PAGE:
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- Author or Editor: David Rao x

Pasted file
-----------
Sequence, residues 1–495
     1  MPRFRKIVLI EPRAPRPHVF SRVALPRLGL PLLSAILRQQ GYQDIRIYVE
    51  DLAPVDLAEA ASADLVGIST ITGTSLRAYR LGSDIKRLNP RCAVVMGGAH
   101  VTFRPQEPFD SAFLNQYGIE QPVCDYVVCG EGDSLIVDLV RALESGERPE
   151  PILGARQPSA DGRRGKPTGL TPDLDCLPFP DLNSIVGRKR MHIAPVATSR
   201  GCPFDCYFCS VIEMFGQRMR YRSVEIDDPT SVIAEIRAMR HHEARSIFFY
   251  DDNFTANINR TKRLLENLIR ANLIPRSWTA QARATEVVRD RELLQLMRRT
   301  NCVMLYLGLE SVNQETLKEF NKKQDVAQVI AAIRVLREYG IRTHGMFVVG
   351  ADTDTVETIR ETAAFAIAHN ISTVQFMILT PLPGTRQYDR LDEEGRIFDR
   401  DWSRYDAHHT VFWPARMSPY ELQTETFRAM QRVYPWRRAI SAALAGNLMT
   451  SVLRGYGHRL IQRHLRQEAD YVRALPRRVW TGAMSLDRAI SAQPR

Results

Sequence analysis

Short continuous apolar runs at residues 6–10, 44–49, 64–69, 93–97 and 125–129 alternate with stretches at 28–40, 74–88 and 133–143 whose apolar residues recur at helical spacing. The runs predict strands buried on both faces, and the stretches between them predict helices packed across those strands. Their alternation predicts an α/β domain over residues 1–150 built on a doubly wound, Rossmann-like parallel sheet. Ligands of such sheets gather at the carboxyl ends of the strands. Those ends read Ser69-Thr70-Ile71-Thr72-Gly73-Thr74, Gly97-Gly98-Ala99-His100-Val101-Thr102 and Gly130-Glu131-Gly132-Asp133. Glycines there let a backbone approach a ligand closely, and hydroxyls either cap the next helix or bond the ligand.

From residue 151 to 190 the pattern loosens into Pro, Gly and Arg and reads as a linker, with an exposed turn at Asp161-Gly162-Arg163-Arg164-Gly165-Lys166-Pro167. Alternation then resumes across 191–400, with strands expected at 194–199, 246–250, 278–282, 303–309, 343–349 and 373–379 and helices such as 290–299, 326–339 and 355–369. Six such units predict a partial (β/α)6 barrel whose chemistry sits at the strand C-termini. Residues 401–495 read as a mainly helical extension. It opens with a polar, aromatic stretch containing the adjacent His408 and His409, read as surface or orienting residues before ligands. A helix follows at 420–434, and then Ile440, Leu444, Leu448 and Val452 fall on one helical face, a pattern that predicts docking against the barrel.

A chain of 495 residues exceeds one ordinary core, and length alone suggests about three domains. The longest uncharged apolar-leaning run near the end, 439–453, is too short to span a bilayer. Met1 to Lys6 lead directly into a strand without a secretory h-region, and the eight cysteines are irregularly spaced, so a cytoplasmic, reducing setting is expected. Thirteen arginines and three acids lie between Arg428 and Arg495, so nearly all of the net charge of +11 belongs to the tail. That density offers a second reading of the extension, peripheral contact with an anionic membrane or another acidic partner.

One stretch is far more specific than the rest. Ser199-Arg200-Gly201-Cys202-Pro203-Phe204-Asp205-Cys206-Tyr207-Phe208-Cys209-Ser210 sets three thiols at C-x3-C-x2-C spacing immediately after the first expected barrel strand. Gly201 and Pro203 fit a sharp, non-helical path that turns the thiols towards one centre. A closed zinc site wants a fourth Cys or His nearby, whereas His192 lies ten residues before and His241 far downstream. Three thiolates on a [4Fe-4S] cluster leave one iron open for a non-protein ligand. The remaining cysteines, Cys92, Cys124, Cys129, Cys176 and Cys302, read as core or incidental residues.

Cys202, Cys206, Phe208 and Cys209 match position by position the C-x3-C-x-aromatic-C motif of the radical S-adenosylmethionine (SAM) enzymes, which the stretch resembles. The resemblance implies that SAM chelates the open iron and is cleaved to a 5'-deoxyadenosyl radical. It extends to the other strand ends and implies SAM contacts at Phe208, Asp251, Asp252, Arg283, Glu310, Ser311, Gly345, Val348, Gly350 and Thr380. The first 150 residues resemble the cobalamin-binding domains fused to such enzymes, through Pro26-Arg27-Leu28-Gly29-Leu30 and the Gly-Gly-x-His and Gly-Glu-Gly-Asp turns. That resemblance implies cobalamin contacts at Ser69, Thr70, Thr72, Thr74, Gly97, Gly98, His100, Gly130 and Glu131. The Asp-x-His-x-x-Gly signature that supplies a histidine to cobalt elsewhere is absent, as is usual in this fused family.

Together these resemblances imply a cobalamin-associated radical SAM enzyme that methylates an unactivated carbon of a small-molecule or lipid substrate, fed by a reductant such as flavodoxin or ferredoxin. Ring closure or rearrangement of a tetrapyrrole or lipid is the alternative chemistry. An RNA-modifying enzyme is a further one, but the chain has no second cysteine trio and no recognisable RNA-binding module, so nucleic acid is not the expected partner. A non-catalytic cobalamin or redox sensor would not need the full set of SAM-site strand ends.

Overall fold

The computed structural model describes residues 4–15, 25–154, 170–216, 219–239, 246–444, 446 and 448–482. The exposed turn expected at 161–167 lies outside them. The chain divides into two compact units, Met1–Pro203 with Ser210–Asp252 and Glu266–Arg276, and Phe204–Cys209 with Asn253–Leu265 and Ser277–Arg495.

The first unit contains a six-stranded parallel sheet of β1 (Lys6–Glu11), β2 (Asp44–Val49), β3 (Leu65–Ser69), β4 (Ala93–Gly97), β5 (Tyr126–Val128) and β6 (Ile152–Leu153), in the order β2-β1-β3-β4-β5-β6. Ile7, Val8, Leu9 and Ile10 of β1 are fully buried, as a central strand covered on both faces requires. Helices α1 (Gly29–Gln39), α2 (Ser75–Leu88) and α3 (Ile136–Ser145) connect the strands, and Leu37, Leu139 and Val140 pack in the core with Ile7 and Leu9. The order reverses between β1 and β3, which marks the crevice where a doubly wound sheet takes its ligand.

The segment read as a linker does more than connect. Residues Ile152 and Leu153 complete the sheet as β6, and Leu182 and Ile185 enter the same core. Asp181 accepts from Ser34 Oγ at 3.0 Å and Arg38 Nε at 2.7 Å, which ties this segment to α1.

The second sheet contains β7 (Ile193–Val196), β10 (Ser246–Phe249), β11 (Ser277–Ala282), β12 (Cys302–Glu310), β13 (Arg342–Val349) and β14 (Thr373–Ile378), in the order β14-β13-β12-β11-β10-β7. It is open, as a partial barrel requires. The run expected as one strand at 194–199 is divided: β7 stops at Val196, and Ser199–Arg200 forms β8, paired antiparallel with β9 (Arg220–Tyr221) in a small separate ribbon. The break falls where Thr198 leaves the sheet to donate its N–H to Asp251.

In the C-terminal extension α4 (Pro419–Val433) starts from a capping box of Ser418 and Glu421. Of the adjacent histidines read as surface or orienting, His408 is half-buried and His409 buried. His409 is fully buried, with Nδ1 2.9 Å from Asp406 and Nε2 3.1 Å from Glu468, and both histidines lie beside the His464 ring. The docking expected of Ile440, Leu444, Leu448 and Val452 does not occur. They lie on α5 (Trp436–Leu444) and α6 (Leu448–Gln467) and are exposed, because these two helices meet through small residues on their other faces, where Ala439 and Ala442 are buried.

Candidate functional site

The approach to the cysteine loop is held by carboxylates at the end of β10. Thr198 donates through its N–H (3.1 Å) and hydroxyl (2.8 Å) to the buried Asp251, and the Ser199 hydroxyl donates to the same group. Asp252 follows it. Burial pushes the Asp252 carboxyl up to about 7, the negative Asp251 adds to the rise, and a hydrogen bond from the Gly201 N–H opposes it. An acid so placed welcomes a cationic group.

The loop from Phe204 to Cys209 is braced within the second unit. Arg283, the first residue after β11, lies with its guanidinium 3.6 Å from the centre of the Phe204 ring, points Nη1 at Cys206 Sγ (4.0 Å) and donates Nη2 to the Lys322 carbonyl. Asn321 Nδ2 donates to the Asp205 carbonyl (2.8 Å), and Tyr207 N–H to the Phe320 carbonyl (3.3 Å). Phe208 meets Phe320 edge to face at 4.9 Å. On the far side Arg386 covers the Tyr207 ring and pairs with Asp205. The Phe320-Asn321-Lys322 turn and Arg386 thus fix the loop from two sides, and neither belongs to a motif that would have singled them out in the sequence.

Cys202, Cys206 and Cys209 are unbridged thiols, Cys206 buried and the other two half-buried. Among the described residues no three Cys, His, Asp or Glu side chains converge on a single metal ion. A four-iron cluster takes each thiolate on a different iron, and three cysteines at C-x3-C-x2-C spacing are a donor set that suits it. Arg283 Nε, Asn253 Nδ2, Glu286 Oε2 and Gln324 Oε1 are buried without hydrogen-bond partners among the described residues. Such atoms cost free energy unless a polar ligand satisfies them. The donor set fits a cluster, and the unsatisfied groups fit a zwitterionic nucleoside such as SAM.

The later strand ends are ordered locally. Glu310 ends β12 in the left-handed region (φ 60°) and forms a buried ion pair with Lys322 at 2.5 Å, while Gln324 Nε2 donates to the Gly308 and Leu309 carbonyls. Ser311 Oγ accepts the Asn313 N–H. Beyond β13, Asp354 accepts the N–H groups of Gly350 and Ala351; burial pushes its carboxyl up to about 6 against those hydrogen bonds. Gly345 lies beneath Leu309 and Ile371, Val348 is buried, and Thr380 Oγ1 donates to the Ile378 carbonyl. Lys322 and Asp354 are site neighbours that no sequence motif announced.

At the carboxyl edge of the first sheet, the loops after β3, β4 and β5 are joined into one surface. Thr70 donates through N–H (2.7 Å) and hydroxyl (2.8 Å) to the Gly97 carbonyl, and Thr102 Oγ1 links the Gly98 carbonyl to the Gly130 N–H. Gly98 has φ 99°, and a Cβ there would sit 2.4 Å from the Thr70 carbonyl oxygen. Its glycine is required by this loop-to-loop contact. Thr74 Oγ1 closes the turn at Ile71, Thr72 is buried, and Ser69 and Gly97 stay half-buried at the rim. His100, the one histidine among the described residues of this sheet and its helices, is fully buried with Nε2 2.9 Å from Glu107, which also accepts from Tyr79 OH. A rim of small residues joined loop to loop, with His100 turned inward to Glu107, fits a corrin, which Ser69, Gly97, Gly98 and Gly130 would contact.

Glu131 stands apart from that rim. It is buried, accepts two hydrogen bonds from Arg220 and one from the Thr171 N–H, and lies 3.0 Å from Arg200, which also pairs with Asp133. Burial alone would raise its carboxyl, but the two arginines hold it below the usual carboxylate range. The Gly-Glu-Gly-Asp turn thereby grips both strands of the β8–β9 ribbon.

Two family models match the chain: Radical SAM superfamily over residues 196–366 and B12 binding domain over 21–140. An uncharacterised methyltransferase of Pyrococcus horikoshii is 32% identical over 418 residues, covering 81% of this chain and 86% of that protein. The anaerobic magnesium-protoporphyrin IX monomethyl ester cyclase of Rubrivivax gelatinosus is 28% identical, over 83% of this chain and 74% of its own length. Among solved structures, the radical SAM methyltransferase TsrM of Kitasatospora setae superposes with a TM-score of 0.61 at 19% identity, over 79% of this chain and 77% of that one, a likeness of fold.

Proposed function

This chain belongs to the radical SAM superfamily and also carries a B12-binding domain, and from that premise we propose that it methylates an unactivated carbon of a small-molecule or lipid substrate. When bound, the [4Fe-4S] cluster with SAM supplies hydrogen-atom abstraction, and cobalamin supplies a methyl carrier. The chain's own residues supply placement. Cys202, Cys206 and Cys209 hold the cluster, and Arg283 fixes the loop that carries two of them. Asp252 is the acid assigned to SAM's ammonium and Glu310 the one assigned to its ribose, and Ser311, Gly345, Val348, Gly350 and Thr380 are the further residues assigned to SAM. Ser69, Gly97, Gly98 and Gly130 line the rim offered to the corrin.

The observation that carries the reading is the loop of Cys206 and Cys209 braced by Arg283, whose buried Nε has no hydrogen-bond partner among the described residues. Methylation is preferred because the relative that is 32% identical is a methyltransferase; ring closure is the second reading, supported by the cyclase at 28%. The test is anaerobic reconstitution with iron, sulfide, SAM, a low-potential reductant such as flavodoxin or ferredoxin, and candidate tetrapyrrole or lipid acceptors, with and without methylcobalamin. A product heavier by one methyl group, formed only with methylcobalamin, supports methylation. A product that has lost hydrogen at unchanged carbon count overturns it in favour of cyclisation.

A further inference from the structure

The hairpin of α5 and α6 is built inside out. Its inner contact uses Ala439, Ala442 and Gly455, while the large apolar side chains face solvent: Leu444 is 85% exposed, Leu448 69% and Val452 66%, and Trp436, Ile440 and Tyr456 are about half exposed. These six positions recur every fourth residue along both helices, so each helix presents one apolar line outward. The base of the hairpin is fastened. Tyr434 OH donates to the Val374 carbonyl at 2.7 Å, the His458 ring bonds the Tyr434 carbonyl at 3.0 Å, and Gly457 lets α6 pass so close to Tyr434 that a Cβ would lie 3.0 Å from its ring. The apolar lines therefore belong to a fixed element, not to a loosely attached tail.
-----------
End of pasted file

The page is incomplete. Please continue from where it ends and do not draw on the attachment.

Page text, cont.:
Carotenoids have a wide range of human health benefits. Yellow-fleshed tetraploid potato (Solanum tuberosum) cultivars have more than twice the concentration of carotenoids as white-fleshed cultivars. However, carotenoid concentrations in some diploid potatoes have been reported to be up to 13 times higher than in ‘Yukon Gold’, the most popular yellow-fleshed potato cultivar grown in the United States, and up to 22 times higher than in white-fleshed potatoes. The purpose of this study was to determine the feasibility of using these high-carotenoid diploids to develop high-carotenoid tetraploid germplasm. Three diploid clones with high (dark yellow-flesh), moderate (moderate yellow-flesh), and low (white–cream-flesh) carotenoid levels that produced 2n pollen were crossed with a light yellow-fleshed tetraploid advanced breeding selection to determine the inheritance of carotenoid content. Twenty-six to 43 progeny from these three 4x-2x families were grown in a replicated field experiment in Presque Isle, ME, for 2 years. After harvest, carotenoids were extracted and quantified by high-performance liquid chromatography in 13 to 14 randomly selected clones from each family; however, flesh color was scored as white or yellow in all progeny. A continuous distribution of carotenoid concentration with high- and low-carotenoid segregants was observed in all three families. There were no significant differences among these three families for individual or total carotenoid concentrations; however, there were significant differences among clones within families. Broad-sense heritability estimates were high for total carotenoid (0.81), lutein (0.77), zeaxanthin (0.73), and the lycopene beta-cyclase pathway carotenoids (0.73); moderate for neoxanthin (0.42); and low for violaxanthin (0.21) and antheraxanthin (0.13). Based on flesh color segregation, the two yellow-fleshed diploid parents were heterozygous for the Chy2 allele governing yellow-flesh and produced 2n gametes by a second division restitution mechanism. It appears that selection for high-carotenoid tetraploid germplasm can be made from within any family with at least one yellow-fleshed parent. Selections will have to be made on an individual clonal basis rather than on a family basis.